4. Decentralised and trustless intent matching and validation, inviting users into the entire process while rewarding them for it, as opposed to centralised or solver-auction based solutions.

Khalani is most likely the closest project to Saline, but leaving the choice of "intent vocabulary" to applications provides more flexibility at the cost of complexity. Saline on the other hand has one well-defined intent vocabulary and grammar, which in practice handles all the use cases previously listed and more, and might evolve to offer new building blocks as the industry develops new technologies. This universal story also allows us to build general SDKs and a dedicated intuitive UI, allowing users and developers to more easily express what they want to do with their assets. In a world with thousands of Khalani intent theories floating around, powering millions of transactions every day, such a unified view of all the possibilities would not be possible, making the whole system less accessible to users and matchers alike, maintaining unnecessary silos.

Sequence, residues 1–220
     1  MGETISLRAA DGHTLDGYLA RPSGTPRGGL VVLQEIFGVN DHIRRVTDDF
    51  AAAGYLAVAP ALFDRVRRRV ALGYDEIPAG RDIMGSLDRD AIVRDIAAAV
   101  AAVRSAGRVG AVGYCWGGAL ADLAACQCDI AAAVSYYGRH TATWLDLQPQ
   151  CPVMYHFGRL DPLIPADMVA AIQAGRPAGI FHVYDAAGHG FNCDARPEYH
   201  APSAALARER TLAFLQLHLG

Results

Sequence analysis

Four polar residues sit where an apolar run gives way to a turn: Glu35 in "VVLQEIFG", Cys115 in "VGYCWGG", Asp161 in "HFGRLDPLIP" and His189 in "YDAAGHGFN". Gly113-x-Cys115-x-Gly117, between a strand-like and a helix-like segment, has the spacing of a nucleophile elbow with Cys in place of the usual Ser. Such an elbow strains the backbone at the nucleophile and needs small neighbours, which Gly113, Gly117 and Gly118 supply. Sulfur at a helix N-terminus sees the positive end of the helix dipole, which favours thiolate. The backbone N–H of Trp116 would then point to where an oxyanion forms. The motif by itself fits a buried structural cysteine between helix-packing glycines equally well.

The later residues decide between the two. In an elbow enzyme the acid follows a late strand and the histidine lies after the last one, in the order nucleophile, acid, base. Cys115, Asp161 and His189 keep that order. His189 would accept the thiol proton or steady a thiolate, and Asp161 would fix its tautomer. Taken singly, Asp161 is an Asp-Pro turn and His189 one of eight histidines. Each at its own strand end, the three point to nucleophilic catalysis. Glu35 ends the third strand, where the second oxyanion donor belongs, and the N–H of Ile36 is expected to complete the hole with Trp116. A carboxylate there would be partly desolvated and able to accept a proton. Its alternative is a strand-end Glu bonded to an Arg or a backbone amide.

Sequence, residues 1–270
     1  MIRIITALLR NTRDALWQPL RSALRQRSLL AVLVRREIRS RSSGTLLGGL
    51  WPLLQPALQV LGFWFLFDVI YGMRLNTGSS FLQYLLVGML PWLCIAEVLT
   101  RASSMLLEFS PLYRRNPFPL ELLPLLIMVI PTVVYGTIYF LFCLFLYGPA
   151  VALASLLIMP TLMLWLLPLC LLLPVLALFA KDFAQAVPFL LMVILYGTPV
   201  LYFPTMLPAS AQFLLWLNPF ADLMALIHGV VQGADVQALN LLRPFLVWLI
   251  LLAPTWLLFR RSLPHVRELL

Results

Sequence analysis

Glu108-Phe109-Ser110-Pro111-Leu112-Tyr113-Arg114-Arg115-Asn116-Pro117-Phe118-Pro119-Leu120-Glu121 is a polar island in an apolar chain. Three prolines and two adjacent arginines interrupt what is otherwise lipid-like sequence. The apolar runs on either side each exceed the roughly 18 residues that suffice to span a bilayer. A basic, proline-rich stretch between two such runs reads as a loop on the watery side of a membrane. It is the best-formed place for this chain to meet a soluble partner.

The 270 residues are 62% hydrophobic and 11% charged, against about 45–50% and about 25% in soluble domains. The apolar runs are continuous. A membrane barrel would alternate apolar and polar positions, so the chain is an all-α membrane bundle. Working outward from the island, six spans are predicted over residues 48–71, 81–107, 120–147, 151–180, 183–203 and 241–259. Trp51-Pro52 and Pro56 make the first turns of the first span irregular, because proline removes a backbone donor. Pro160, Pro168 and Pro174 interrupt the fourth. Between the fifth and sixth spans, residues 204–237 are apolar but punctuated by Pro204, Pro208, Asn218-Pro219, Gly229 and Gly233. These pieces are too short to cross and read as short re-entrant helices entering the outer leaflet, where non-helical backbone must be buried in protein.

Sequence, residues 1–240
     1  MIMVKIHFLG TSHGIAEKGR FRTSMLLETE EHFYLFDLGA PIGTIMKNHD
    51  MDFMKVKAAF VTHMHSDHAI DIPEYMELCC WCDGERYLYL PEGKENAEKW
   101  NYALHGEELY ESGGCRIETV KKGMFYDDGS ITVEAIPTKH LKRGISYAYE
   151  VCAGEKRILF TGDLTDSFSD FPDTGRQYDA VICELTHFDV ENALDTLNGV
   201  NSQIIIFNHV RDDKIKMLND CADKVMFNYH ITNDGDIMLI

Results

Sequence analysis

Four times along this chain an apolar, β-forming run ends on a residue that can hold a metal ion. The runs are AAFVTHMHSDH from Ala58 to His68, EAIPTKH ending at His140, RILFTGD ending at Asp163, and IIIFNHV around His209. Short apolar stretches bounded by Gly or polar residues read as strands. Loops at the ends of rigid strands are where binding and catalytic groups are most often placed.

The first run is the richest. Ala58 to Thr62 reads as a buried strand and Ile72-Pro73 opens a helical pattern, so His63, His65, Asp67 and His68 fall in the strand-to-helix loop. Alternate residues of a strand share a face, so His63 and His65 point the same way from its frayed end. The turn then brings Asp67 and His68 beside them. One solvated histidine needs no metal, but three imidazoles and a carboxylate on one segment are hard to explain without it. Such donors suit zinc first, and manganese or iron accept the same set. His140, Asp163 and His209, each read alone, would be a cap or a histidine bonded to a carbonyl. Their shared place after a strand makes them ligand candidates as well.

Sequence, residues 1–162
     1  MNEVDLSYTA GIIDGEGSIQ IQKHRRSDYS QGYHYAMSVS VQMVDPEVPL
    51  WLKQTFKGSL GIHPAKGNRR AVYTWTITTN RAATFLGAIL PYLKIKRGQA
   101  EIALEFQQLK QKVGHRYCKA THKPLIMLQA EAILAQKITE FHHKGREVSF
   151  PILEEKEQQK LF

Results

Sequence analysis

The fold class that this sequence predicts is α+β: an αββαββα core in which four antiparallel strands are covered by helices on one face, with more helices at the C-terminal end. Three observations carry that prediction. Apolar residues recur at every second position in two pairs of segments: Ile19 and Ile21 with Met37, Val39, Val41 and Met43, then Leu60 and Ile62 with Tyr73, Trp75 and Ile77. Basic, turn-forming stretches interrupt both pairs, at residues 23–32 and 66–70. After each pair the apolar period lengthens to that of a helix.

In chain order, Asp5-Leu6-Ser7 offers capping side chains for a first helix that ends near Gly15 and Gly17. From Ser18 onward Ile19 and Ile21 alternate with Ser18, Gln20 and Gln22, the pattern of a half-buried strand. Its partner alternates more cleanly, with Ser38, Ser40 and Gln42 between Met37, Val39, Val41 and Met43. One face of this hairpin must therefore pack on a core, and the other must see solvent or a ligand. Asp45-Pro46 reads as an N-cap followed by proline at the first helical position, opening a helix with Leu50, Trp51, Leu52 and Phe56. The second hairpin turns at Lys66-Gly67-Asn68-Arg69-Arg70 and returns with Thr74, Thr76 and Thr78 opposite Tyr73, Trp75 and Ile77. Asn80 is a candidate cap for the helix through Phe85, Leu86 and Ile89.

We believe the particular design proposed by Saline empowers users by being designed for simplicity while enabling the best-in-class user experience of intents, all with the censorship resistance of modern proof-of-stake blockchain protocols. There is no need to sign transactions all the time with the right intents in place. No need to trust or audit smart contracts maintained by third parties, or maintain a complex web of permissions. You can just focus on your assets and your rules.

Mitigating the risks of intent-centric ecosystems

The main concerns of intent-centric ecosystems as highlighted by Paradigm:

  1. The ecosystem should be permissionless, such that anyone can match and execute intents without large tradeoffs in execution quality.

  2. General, so that new applications don't require new mempools or changes to the intent system

  3. Transparent

The Saline Network is inherently permissionless and general. Intents can be attached not only to Saline wallets but also to existing wallets on existing networks. This essentially allows you to use Saline intents to reason over whatever L1 you normally interact with and enforce your Saline rules there.

The issue of opacity

One of the biggest fears of various other intent-centric systems is the lack of visibility. You submit your intent to some network and then it gets lost in the ether. Then after an arbitrary amount of time, this intent "materialises" as a transaction with little clarity on how or by whom the transaction was created. This makes it difficult for the community to observe and audit the intents-to-transactions ecosystem for threats or collusions.